Ratatouille

ratatouille.jpg
Disney Enterprises and Pixar Animation Studios
Brad Bird/United States 2007

Pixar hasn’t made a bad movie yet. Sure, some may have been better than others, but in terms of producing a dud – it simply hasn’t happened. Well, you can stop holding your breath. Not only is Ratatouille not a bad movie, it is easily one of Pixar’s best.

Ratatouille is the story of Remy (voiced by Patton Oswalt), a French rat with a discriminating palette. While his father, brother and rest of his colony gorge themselves on rotting trash, Remy wants only the finest foods and dreams the impossible dream of one day working in a five-star gourmet restaurant. His inspiration is the late Chef Auguste Gusteau (voiced by Brad Garrett), who appears to him with advice much as Obi Wan Kenobi did to Luke Skywalker.

Separated from his colony, Remy finds himself in the sewers beneath Paris’ famous Gusteau restaurant, the site of his destiny. When fate brings along a down-and-out garbage boy named Linguini (voiced by Lou Romano), the two form the ultimate odd couple. Remy, with his passion for cooking but who can’t be caught in the kitchen, hides in Linguini’s hat, steering the young man’s clumsy body like a marionette by pulling his hair this way and that. It is a ridiculous conceit – but it works like a charm. Before long, the pair are on their way to becoming the greatest chef Paris has ever seen.

Ratatouille is enchanting filmmaking. Few filmmakers can pull off unadulterated magic like Pixar. There is an almost physiological reaction that occurs when the Pixar logo lamp bounds onto the screen. It is the herald of something special and wholly unique. True, there are still 2-D artists who decry the rise of computer animation. Highfalutin technology it may be, but there is no denying that Ratatouille possesses the heart and soul of all the 2-D (and 3-D) masterpieces that have come before it.

Pixar’s computer generated animation seems to surpass itself at every level and Ratatouille is no exception. Here, it employs some of the most luxurious sophistication yet seen in any computer animated film. The animators have outdone themselves in creating a world of breathtaking detail and minutiae. Paris is palpable, be it swaddled in the warm light of a setting sun or prowling the damp stink of the sewer. But more than that, the Gusteau kitchen, where most of the action takes place, is incredibly dense and complicated. To master their furry friends, the animators kept live rats on their desks, and for the human subjects, they studied such Gallic heroes as Brigitte Bardot and Charles de Gaulle.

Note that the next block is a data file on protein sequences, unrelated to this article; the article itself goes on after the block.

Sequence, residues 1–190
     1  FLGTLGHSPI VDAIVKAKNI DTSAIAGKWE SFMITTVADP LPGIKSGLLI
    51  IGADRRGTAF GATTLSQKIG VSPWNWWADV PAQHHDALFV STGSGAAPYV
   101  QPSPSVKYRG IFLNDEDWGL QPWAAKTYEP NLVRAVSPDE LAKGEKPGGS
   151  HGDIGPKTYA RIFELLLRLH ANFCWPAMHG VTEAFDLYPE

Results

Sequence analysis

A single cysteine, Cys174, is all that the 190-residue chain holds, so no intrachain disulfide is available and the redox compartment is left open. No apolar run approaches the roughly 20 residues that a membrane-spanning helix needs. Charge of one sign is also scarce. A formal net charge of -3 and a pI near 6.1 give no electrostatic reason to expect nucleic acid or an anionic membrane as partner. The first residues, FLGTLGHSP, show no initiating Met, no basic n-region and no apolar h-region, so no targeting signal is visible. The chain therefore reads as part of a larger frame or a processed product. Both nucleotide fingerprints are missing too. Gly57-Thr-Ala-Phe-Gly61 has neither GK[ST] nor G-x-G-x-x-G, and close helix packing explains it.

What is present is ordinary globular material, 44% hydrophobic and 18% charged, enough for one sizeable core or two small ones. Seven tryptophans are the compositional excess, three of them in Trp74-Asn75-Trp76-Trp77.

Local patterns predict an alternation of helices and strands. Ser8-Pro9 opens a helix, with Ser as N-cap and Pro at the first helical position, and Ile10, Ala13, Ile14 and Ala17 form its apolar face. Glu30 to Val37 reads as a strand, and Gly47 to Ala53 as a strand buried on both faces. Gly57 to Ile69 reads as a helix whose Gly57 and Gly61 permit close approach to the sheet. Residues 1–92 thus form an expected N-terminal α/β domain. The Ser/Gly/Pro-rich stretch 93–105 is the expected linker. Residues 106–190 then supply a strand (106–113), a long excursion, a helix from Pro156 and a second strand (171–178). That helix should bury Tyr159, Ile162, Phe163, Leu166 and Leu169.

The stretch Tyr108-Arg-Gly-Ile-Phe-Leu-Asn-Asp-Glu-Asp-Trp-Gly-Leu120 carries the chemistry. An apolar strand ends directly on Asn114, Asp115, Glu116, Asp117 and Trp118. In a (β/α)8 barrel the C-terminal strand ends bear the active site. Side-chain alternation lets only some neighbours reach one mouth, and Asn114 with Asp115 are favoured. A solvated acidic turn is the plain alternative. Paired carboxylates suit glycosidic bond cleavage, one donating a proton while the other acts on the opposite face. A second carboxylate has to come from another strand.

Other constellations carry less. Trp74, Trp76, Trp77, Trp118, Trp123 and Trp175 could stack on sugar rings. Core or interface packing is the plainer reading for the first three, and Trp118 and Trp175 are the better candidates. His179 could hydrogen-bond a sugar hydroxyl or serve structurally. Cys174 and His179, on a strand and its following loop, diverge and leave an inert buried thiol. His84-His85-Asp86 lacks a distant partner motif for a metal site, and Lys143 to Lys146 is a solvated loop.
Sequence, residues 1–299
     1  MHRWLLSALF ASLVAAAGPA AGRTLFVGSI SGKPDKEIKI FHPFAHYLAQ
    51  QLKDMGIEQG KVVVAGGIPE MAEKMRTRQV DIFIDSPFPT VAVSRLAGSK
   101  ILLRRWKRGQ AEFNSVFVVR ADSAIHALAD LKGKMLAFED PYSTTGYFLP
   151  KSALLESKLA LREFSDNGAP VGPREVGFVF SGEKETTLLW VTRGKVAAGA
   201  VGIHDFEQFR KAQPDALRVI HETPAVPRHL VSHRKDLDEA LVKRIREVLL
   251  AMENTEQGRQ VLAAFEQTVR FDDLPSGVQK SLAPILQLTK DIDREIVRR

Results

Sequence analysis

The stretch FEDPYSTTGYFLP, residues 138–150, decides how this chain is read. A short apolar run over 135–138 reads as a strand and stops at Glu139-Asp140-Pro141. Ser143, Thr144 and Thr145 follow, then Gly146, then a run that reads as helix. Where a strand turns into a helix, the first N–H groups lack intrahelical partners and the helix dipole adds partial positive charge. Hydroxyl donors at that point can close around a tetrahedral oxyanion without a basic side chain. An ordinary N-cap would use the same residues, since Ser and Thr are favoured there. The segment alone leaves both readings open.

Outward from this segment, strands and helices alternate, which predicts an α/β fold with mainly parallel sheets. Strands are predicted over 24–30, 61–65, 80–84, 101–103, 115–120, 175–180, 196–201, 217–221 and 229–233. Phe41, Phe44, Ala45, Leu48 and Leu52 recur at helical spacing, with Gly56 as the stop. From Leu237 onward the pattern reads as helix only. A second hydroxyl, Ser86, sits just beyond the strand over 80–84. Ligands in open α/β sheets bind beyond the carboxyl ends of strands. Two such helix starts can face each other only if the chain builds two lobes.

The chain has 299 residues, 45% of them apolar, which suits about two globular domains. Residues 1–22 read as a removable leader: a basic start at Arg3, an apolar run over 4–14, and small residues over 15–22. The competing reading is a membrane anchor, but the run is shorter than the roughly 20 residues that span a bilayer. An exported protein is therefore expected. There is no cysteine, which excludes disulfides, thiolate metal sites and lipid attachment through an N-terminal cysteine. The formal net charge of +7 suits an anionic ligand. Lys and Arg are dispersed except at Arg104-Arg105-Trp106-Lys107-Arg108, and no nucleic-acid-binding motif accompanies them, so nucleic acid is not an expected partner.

What makes Pixar films so impressive is their ability to render characters convincing, be they human or animal. Much of that credit has to belong to the stellar voice cast including popular stand-up comedian Oswalt, Garrett, Brian Dennehy, Janeane Garofalo, Academy Award nominees Ian Holm and the legendary Peter O’Toole as a food critic more walking corpse than man. And, of course, John Ratzenberger, who seems to be Pixar’s good-luck charm.

Unlike other Pixar entries, Ratatouille is full to the brim with classical physical comedy. Channeling Buster Keaton, the filmmakers have crafted several exhausting sequences in which Remy dashes between people legs, leaps across furniture and is catapulted through space. It’s a dangerous world when you’re only a few inches high, but here it simply adds to the thrill.

Pixar is known for producing work that is as entertaining for adults as it is for children, but Ratatouille may be their most mature-skewing film yet. Don’t worry, your kids will still squeal with delight, but you and your older children will also walk away enthralled. Like all of Pixar’s films, Ratatouille is a morality play wrapped in a cotton candy shell. It encompasses the great themes of unconditional friendship, a subject Pixar has engaged before and mines again here. But more than that, Remy’s aspirations for something better, and his desire to buck the expectations of others while staying true to himself is a universal premise especially resonant with teens and adults.

Ratatouille is a delicious stew of a film, a classical fairy tale told with the language of 21st century technology. And like all good fairytales – to say nothing of animation – the real magic is in taking a premise that is utterly unbelievable and fashioning it into something completely convincing.

Note: The opening short, a Pixar trademark, is as fun as the feature. Lifted is about an extra-terrestrial trainee being judged on how well he can handle an abduction.

© 2007 Brandon Fibbs. All rights reserved.

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